I did more sanding today with those 3m bristle brushes that attach to my grinder. wow, they make easy work on the sheet metal, and without much heating, too. Good stuff. They do get chewed up on the edges, though.
I also spent some time trying to shrink the warpage out of my filled firewall. It was a wasted effort, I was just making things worse so I cut it out and made a new panel. I also filled in the old blower motor hole.
Got some time in this weekend- I stripped some of the paint off and then tore the car apart. I'm to a point now that either I can leave the car looking rough and drive it sooner, or spend more time/ money to do all the body work and paint it. I want to drive the car so I am opting for the former. To do this I plan to paint the car with a clear paint (KBS "diamond finish" over the bare metal and leave it looking raw for a bit. This way I can drive it sooner and work the bugs out of the car without ruining a nice paint job. (I learned this the hard way with my last car)
I still have a lot of minor repairs here and there (welds to clean up/ finish, etc). Then I'll paint the chassis and interior, assemble the car and then clear coat the exterior and start assembling.
As mentioned in my last post- I got another project car. This is a '55 Chevy 210. The idea with this is a rough n raw old school looking gasser. The inspiration is, of course, the 2LBT car. However, it won't be a clone. I have already located a '57 chevy truck front axle as well as a set of American Racing 200s rims. I'm going to do my best to resist working on this until I at least have my Firebird driving. What's convenient is this car already has a glass clip, doors and trunk, as well as a 9"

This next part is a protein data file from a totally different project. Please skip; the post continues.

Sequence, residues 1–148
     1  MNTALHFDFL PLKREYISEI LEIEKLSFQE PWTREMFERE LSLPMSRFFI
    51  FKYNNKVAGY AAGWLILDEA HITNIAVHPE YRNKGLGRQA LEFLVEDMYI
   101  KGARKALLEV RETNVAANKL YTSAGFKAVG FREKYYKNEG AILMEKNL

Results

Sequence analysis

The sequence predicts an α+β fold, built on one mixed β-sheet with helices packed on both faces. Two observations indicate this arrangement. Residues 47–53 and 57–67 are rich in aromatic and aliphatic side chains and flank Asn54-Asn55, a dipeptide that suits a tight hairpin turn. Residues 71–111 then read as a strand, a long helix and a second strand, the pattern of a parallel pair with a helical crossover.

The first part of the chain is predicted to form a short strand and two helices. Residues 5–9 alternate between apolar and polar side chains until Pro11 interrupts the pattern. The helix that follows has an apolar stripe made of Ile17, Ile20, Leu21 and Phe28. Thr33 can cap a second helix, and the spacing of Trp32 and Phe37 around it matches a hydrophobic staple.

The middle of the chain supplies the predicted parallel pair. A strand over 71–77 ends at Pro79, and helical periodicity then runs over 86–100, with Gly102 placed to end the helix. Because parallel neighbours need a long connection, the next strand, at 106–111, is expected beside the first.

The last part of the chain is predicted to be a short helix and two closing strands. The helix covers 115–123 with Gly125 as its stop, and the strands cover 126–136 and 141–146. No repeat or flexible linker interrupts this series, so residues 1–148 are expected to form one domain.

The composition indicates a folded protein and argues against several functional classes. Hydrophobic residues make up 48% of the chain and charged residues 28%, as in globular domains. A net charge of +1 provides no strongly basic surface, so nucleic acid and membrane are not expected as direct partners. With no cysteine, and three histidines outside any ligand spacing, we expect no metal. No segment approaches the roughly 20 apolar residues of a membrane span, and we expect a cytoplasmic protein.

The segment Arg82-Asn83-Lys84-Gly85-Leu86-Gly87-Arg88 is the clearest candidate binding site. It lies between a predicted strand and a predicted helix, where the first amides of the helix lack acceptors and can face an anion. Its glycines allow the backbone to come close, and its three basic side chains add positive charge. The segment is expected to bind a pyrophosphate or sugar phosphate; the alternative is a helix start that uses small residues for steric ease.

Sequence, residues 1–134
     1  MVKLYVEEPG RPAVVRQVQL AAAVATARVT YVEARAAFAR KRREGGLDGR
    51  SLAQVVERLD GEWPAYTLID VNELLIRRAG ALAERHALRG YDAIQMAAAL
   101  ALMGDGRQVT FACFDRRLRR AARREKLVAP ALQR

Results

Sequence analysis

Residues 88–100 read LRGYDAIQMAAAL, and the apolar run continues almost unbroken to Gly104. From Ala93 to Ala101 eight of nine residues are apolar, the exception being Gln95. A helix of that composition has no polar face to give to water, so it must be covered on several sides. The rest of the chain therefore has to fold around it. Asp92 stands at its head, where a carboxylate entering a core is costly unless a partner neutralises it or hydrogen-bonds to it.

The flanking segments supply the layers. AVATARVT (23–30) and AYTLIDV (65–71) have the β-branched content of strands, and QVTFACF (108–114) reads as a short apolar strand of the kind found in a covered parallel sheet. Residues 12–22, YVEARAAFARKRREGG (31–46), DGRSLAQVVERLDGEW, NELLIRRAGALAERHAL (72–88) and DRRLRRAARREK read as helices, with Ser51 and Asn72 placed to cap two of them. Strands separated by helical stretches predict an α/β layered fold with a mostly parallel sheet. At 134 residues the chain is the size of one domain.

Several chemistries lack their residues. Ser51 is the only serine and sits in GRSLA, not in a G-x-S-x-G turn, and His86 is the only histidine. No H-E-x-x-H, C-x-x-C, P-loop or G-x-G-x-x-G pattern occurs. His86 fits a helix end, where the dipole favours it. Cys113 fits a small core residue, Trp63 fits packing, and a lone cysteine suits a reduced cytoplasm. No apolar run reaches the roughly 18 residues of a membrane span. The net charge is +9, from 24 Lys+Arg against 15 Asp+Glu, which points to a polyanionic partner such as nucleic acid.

I'm still alive. It's been one busy weekend after another, and I got distracted. I bought another car- a '55 chevy. I plan to make a "2 lane black top" style gasser out of it. real rough and basic. The beauty is it came with all the same 'glass parts to make a 2lbt car, and a 9" rear. But first things first. I need to get my Firebird driveable (while I collect parts for the '55).
I spent today working on the rear bumper more- getting it to fit better. The first pic shows the large gap along the right side of the bumper . I t required cutting the bumper and shaving it down a bit, as well as revising three of the four bumper brackets (multiple times) I lost count how many times today alone the bumper went on, came off, went back on, etc..
It looks a bit better now. It's not perfectly straight, and it'll need some love by a bumper shop one day. But it's good enough for me at this moment.
I also welded up my widened rear bumper and am happy with the results. The passenger side of my second bumper was rusted through, so I ended up slicing a section and adding it to my original one. Not my first choice, as it's two welded strips and more opportunity for misalignment, but it was this, or chop out the corner and patch that. I may need to either adjust, or shim, my rear bumper bracket to get it to sit level, and then I can revise the side brackets to fit. Since I moved the bumper in closer they won't fit as is.